I thank God he rang — I cry — only this time it’s not cries of despair but cries of thanks. Thank God — he sent me an angel tonight. I throw what’s left of the dope in the bin — I don’t need it anymore — I want a clear head. I’ve got work to do — my mate has shown me by a phone call what this is all about — men supporting men.

I look at the clock — it’s Christmas Day — happy birthday Lord — I’m going to see my kids this morning.

I try and get comfortable in my usual position on the couch, since I can’t bear sleeping in our old bed alone. As I lay there I recall the night’s events, the feelings, the phone call. I start to laugh — I haven’t laughed in a long time. I’ve just remembered what I’ve bought my wife for Christmas — a kilo of chocolate — she loves chocolate.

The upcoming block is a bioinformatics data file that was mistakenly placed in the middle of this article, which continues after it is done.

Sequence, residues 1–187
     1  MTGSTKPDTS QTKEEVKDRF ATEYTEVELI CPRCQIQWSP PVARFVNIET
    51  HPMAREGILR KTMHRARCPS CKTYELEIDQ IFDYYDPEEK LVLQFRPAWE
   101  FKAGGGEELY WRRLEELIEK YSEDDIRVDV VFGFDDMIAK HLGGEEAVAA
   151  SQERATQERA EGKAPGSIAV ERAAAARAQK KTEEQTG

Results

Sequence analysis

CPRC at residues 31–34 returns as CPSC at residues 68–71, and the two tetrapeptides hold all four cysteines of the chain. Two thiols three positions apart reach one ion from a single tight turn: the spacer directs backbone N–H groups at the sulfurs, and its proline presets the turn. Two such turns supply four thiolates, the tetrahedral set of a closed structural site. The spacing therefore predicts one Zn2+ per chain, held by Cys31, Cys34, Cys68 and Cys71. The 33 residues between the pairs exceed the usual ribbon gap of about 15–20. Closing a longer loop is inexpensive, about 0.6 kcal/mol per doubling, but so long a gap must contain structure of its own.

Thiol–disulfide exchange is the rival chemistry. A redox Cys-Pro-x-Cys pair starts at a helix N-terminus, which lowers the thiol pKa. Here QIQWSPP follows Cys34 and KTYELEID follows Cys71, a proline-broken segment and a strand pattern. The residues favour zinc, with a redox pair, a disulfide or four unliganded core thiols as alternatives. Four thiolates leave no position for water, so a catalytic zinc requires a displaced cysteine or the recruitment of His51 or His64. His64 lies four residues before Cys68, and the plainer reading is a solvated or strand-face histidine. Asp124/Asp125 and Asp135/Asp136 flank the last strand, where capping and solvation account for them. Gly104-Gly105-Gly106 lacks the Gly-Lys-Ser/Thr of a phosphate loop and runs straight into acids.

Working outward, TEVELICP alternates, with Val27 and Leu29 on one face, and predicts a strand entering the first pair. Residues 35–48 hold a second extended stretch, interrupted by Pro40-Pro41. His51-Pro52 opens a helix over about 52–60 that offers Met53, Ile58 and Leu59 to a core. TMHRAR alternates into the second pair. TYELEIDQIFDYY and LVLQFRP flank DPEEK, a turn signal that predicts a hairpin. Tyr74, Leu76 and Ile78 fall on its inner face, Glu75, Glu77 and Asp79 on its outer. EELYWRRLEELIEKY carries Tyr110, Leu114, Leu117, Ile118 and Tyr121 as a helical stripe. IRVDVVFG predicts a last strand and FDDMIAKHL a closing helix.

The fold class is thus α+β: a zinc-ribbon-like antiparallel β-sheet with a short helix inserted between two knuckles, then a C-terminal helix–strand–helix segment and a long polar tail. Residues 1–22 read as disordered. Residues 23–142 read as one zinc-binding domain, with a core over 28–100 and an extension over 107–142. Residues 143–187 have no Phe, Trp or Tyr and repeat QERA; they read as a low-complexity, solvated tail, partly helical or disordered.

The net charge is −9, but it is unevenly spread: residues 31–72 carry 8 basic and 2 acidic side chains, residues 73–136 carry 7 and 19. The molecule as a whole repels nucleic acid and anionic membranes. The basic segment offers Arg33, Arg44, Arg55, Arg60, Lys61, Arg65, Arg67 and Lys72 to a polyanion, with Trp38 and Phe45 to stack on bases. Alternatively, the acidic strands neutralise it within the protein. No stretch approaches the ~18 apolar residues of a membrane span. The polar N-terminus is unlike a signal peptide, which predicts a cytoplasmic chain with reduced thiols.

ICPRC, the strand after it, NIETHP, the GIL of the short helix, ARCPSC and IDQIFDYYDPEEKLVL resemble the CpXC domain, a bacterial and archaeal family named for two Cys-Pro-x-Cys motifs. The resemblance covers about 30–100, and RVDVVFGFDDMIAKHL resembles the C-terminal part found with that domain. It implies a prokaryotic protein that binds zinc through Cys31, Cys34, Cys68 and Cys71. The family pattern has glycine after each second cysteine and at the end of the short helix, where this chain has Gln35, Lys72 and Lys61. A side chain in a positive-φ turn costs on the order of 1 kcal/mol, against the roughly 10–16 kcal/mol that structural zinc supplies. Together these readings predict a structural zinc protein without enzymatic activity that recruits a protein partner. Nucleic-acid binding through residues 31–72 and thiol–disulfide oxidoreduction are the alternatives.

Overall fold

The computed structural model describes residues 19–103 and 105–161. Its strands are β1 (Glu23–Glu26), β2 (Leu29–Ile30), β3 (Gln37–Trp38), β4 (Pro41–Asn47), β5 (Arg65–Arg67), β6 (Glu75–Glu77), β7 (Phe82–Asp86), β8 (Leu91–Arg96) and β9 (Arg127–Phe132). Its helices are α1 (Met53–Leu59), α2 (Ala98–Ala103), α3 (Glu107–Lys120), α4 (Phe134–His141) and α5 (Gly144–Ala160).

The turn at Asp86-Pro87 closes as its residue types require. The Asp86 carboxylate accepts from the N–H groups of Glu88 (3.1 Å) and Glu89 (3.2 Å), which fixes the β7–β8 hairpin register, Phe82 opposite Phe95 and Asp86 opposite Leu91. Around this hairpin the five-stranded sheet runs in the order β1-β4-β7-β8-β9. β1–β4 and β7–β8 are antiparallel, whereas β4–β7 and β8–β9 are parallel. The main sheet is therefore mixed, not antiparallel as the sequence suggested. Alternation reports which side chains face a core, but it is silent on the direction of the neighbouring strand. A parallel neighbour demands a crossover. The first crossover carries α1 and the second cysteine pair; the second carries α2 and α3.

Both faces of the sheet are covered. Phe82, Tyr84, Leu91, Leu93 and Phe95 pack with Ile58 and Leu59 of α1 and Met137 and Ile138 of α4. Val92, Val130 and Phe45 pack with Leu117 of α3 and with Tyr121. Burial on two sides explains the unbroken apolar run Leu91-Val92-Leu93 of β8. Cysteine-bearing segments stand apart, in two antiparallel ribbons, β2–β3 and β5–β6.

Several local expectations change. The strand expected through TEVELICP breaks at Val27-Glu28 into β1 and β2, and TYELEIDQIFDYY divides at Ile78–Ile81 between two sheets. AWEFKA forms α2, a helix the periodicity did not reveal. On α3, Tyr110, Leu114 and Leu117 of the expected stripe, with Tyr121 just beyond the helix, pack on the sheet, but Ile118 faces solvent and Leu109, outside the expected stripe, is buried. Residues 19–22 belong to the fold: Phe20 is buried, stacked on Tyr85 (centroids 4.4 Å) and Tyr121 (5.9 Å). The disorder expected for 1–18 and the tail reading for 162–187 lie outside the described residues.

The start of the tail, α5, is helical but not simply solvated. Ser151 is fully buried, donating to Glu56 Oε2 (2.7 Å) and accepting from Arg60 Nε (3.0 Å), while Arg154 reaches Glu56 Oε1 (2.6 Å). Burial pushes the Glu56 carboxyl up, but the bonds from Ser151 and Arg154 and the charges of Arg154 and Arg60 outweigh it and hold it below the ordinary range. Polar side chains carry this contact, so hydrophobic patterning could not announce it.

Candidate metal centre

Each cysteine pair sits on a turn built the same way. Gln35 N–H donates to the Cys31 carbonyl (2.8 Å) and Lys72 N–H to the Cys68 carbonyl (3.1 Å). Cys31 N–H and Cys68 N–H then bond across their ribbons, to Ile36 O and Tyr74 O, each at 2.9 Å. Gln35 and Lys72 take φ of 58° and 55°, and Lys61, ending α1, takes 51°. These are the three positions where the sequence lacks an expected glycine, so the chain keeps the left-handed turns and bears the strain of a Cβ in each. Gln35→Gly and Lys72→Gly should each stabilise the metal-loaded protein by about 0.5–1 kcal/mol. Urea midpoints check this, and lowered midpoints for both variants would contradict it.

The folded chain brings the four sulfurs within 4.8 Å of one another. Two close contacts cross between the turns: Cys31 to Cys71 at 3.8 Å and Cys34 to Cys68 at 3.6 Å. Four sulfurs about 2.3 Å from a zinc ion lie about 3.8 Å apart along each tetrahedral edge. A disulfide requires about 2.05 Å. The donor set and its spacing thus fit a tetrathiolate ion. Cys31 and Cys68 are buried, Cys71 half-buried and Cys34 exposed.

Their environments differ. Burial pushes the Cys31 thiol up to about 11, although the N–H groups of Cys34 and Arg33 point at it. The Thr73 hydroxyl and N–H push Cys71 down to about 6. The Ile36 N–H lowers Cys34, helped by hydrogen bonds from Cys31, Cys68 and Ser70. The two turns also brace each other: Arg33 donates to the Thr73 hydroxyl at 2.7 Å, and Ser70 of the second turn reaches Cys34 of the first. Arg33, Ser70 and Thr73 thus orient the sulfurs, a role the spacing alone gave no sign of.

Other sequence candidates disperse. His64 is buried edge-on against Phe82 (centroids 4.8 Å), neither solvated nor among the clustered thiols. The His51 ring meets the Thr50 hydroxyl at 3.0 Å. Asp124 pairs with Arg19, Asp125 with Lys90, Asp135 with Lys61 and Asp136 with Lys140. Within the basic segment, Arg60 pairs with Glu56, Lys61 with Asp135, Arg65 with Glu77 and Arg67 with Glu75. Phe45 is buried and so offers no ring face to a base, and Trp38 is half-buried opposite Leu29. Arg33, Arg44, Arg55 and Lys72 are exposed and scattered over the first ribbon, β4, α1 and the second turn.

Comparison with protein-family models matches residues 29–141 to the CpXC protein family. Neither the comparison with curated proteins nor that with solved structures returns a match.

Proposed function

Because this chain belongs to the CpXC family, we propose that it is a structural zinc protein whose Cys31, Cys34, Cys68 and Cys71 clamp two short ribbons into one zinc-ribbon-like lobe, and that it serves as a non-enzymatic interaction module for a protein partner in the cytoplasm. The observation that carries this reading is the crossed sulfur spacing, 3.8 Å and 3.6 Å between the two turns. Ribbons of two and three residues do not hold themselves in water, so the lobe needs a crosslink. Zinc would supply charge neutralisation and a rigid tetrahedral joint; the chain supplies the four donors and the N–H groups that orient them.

If I’d had the money, I’d have bought her 10 kilos — I want her to get fat, I want her to get ugly — I want her teeth to fall out. I laugh at the thought. I look up at a picture of Jesus I have hanging on the wall — a tinge of guilt — sorry, Mate, I whisper — but I detect a faint smile on his face I hadn’t noticed before — I’m sure he gets the joke.


When I was asked whether I wanted this story published and whether I wanted my name attached, I thought about it a lot — in fact, I agonised a lot. It was written way back in Christmas 1999, three months into a separation and although I’ve moved on, it was how I was feeling back then.

Devastated, gutted, lonely, depressed, angry, hurt, scared, confused, resentful and possibly many more things I fail to even remember now. I abused alcohol and I used drugs to hide from my pain. Anything to stop the hurt. I just wanted to get off. Stop the ride, just let me get off!